If you like games with a touch of culture and an educational purpose, Type: Rider should be on your list. A stylish arcade puzzler, the game uses some of the world’s finest art to accompany the two dots on their way through the chapters of the typographic history. Coming from a European TV channel, the game takes you on a beautiful journey from the prehistoric times of the rock paintings to the contemporary pixel styles. You get to solve the riddles based on some of the most popular fonts, accompanied by an atmospheric music and gorgeous designs. It’s definitely a different kind of game, the one with a brain and a heart.
Freeze 2 Brothers
If you think an eyeball on the icon looks like it could be another Pou game, you are wrong. Freeze 2 Brothers (review) is one of the smartest and emotional games on mobile this year. This time, there are two eye balls, the prisoners on an alien planet, the two brothers. They need to work together to get our from a series of prison cells, by using the intuitive controls, your logic, physics and spatial skills. What came as a surprise, however, is the brilliantly atmospheric soundtrack and the fascinating, dark and haunting visuals that take the puzzler to the pantheon of the mobile games, alongside the Monument Valley.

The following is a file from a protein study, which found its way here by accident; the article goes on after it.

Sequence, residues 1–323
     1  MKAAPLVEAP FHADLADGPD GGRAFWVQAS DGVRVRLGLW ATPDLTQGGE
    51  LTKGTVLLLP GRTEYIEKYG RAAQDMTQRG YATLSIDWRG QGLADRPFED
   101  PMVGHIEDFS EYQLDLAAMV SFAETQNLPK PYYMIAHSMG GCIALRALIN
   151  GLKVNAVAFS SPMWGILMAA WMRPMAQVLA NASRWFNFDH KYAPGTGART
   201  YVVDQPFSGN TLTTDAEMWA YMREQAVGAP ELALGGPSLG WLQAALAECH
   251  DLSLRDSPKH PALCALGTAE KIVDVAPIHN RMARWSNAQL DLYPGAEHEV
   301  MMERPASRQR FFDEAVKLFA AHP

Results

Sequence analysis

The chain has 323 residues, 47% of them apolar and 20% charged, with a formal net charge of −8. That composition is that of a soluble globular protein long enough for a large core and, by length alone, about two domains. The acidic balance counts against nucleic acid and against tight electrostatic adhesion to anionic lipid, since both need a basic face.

Prune (review) sees you pruning trees, a somewhat boring premise, unless you are a gardener. However, the game captivates from the very first level with its subtle, emotional soundtrack and stylish looks. When you think you have the game figured out, it turns out there is a back story to it, and you struggle to guess if it’s the end of the world you’re trying to prevent, or a distant planet to terraform. Either way, the challenge, the design and the philosophy of Prune are fantastic.
ALONE is a long-time classic that has you navigating caves, trying to survive the collapsing debris of stones, rocks and comets. It’s a beautiful, handcrafted delight, atmospheric, stressful and adrenaline-inducing. At its core, it’s a procedural runner, but its visuals make it one of the best sci-fi games with brilliant aesthetic and a terrific soundtrack.